Skip to main content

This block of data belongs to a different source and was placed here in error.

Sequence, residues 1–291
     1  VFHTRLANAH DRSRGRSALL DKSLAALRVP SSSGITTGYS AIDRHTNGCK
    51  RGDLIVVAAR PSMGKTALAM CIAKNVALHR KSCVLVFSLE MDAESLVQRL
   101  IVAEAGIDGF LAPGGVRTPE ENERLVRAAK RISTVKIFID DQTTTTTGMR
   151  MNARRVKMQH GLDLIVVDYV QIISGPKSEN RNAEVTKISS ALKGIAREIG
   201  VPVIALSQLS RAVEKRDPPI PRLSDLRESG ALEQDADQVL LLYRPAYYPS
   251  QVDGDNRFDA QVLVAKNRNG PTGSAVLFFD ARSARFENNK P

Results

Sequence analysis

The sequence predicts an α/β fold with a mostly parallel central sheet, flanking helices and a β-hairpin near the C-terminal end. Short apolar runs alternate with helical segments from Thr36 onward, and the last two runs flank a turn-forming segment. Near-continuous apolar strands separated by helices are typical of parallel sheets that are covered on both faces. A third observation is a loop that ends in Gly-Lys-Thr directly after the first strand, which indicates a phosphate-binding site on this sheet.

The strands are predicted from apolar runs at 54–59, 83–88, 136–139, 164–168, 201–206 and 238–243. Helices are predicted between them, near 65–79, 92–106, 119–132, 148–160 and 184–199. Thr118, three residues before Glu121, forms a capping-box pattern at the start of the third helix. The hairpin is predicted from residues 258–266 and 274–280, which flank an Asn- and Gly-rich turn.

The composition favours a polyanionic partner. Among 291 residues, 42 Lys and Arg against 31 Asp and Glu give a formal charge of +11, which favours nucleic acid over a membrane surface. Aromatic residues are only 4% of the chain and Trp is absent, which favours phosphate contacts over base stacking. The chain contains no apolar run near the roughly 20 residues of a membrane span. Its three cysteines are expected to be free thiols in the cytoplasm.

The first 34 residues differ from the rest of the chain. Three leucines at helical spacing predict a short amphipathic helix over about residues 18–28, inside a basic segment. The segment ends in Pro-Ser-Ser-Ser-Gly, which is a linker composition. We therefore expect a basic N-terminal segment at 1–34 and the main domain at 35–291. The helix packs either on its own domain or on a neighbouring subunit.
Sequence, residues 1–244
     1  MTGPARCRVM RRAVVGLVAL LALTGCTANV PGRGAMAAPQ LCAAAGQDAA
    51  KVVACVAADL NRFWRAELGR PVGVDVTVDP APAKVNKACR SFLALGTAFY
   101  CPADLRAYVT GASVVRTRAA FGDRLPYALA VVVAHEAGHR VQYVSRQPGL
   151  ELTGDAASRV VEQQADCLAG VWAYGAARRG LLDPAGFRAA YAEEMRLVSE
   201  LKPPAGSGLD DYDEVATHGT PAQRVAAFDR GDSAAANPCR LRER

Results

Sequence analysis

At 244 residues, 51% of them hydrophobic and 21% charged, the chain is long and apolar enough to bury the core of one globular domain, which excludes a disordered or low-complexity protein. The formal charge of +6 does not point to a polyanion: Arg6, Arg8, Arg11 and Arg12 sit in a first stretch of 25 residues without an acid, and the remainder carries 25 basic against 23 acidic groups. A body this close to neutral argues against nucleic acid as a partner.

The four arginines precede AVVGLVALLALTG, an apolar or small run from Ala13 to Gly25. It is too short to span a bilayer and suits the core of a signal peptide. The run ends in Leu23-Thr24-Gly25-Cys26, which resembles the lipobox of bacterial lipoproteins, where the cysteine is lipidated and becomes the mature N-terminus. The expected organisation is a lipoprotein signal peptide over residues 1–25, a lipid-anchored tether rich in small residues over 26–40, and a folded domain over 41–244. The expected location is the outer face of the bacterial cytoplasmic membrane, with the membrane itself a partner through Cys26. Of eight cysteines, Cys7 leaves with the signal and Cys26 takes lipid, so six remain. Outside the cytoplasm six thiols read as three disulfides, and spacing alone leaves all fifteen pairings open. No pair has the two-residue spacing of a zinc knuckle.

%rt\i nttiUftw $minmfa THIRD SERIES, No. L.—APRIL, 1867. ON THE ALLEGED OCCUPATION OF IRELAND BY THE ROMANS. The July Number of the Archceologia Cambrensis contains a paper by Mr. Thos. Wright, " On the Intercourse of the Romans with Ireland," in which that gentleman appears to me to arrive at rather hasty conclusions on very slight premises. These conclusions are contained in the following passages: " But I think it can hardly be doubted that the Romans did invade, and, in their view of the case, subdue Ireland" (p. 298). Again: " I think we are quite justified in concluding that, subse¬ quent to Agricola's removal, his plans for the invasion of Ireland had been carried into execution, and success¬ fully" (ibid.). The subject is one of some importance in an historical point of view, and should not be ad¬ vanced on insufficient evidence. Supposition and con¬ jecture can no longer take the place of facts, or logical deductions from facts; and on such grounds I feel it my duty to examine into the authorities adduced by Mr. Wright in support of his conclusions as stated above; and this I desire to do, not in a spirit of cavil¬ ling criticism, but, in a spirit of anxious and candid inquiry, to elicit truth. I have no desire to deny the Romans the honour of having subdued Ireland, or their ability to do so if they had so determined; indeed, I believe it more than probable that the Romans and 3rd sek., vol. xm. 7